Outlander

7 Romantic Science Fiction Novels to Swoon for

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For my 10th birthday, my mother gave me a copy of Ray Bradbury’s Dandelion Wine. That sci-fi novel marked the first time that I stayed up all night because of a book. I remember hiding under the covers, flashlight positioned just so that I could read but wouldn’t get caught, as I experienced the joys of summer in Green Town with 12-year-old Douglas Spaulding.

My love for sci-fi met its match when my grandmother celebrated my 16th birthday with my very first Harlequin romance novel. At that point, I didn’t have to hide as I read through the night about the tale of a handsome hero (I imagined him looking exactly like my then-crush Bobby the Football Player) wooing an equally attractive heroine (I used my always-helpful imagination to envision my short chubby brunette self magically being transformed into a tall, slender blonde).

And then at UCLA, I discovered the glory of the romantic sci-fi novel. The perfect romantic sci-fi book weaves the make-me-believe-in-true-love power of a well-written romance with the transport-me-to-another-dimension emotions of a beautifully crafted science fiction. The following seven romantic sci-fi novels meet those swoon-worthy gold standards.

Fantasy Lover by Sherrilyn Kenyon: What happens when a “love slave” who has experienced “hundreds of bedrooms over two thousand years” meets his match in the form of a woman’s sexual fantasies? Toss in the sci-fi/fantasy element of a curse, add a dash of romance in the form of an empathetic woman, and blend well with a muscular hero.

Goodbye for Now by Laurie Frankel: Science fiction authors have tackled the technological topic of what happens when a computer gets involved in romance before. But Frankel puts a different spin on it in the form of a computer simulation that can re-create those you’ve loved and lost. Will adorable Sam and sweet Meredith succeed in finding a love that is forever (well, sort of)?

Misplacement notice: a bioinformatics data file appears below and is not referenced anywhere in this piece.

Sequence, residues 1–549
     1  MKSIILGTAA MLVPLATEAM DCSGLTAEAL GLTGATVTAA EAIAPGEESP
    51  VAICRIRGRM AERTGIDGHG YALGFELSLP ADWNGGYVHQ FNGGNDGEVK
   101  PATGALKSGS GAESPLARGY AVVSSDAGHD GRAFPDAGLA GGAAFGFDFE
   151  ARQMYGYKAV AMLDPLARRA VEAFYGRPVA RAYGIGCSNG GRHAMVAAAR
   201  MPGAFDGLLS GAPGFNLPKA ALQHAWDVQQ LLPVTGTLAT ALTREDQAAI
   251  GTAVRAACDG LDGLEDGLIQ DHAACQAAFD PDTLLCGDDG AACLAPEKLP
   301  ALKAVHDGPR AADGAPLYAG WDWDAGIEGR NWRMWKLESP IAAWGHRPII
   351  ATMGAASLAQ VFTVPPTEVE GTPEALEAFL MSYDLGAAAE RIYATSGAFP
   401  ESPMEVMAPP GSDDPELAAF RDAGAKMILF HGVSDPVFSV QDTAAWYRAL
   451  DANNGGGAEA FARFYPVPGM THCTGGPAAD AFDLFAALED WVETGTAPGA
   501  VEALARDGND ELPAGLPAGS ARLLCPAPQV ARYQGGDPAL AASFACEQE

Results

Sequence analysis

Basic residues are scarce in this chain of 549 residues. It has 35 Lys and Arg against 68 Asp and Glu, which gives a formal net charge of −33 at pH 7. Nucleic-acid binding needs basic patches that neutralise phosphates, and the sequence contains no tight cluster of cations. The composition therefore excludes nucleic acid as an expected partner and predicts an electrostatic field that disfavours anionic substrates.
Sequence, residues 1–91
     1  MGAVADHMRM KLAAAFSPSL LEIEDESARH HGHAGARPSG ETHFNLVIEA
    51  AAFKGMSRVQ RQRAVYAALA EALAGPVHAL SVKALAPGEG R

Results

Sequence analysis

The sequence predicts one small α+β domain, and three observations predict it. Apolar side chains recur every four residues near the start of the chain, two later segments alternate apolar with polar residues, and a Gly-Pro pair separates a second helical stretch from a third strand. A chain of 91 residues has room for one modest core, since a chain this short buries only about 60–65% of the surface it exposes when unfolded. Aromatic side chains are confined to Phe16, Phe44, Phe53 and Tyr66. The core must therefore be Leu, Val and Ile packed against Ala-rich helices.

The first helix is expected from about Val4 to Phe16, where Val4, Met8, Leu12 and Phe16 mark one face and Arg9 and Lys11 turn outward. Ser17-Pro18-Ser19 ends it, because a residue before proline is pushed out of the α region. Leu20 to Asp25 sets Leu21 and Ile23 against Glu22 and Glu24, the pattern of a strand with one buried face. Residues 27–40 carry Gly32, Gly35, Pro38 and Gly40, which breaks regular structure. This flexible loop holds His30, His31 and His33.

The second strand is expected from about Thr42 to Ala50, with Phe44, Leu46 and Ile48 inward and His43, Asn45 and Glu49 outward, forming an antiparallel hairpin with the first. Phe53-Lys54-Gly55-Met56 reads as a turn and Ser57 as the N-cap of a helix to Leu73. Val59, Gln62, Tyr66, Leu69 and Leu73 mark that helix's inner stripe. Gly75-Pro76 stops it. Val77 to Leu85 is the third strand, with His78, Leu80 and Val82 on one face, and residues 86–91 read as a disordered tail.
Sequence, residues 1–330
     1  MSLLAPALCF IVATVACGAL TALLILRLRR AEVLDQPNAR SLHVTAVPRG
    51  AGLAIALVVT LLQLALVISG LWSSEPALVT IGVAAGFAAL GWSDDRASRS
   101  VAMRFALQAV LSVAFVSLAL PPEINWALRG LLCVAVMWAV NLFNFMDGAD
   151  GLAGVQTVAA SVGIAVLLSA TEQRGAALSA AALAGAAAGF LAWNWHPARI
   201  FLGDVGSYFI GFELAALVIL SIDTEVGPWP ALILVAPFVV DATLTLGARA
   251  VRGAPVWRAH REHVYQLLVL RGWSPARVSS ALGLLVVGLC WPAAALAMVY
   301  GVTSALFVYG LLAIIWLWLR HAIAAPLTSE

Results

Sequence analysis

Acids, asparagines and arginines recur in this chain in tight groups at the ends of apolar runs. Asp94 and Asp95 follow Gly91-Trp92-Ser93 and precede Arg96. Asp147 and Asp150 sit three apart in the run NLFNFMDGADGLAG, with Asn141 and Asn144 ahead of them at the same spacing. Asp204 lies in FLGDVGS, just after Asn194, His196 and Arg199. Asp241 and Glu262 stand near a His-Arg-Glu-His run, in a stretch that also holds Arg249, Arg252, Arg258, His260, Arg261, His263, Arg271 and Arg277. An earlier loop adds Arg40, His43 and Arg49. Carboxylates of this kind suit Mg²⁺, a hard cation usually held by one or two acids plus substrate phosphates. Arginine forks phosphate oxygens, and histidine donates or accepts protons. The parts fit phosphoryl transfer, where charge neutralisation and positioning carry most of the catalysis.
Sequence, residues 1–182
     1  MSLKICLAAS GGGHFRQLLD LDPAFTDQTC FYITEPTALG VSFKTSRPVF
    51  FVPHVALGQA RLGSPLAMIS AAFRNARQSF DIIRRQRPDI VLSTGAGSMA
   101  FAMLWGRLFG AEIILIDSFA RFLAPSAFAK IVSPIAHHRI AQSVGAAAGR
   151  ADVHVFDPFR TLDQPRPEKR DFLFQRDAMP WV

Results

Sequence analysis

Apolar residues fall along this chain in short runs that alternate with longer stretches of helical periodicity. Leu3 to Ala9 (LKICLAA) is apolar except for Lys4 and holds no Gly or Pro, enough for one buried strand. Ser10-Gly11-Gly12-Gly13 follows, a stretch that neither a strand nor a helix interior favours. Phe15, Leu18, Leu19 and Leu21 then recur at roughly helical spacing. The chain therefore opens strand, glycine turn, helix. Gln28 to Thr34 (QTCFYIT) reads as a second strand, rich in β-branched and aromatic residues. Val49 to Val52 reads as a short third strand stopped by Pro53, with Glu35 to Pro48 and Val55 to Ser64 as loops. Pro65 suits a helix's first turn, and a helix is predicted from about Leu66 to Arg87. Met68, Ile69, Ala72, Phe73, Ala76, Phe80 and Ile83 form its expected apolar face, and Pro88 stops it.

Misled by Sylvia Day: Written with wit, warmth and a touch of witchcraft, this sci-fi romance features an impatient Special Task Force agent, Derek Atkinson. He’s got a yen for a sexy vampire, Sable Taylor. However, don’t make assumptions about Sable, who is willing to have “mind-blowing sex” but isn’t so sure about true love.

Midnight by Terry Bolryder: Meet Nathan Lancaster, a man who thinks he’s fine living a solo life until he meets curvy journalist Lillian Goss. She’s on a quest to discover his dark side, but can she handle the truth? This romantic sci-fi redefines both monster and hero, while shining the spotlight on the power of a determined woman.

Canyons of Night by Jayne Castle: I love a book that weaves a captivating plot with humor. Castle has crafted both in this romantic sci-fi featuring of I-read-auras heroine Charlotte Enright, ailing hero Slade Attridge (psi injuries suck!), and his protective dust bunny. Bunny, you say? Hop into the tale for details.

The E.T. Guy by V.C. Lancaster: Let’s travel to 2266, where Trump-era immigration agendas have been replaced by the deliciously named Department of Extra-Terrestrial Immigration. Lois Kennedy is an intake officer for DETI, and she’s annoyed by Zir, a refugee from planet Teiss. In true romance novel style, what seems like a rude, blunt dude, however, is really a guy who needs some polishing. Will Lois give this alien a chance?

Outlander novels by Diana Gabaldon: To quote the King in Alice in Wonderland in reference to where to begin with this series: “Begin at the beginning … and go on till you come to the end: then stop.” Claire Beauchamp Randall and Jamie Fraser come together after she’s on her second honeymoon in the Scottish Highlands with her husband in 1945. She time-travels to Scotland in 1743, where Claire is a Sassenach (outlander). Enter Scots warrior Jamie, and it’s a love story that will have you staying up all night.

What are some of your favorite romance-heavy speculative fiction books?

(image: Bantam Books)

Joanne Eglash is a writer, editor and reviewer who was in a left coast frame of mind even before she moved to California.

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Kaila Hale-Stern
Kaila Hale-Stern (she/her) is a content director, editor, and writer who has been working in digital media for more than fifteen years. She started at TMS in 2016. She loves to write about TV—especially science fiction, fantasy, and mystery shows—and movies, with an emphasis on Marvel. Talk to her about fandom, queer representation, and Captain Kirk. Kaila has written for io9, Gizmodo, New York Magazine, The Awl, Wired, Cosmopolitan, and once published a Harlequin novel you'll never find.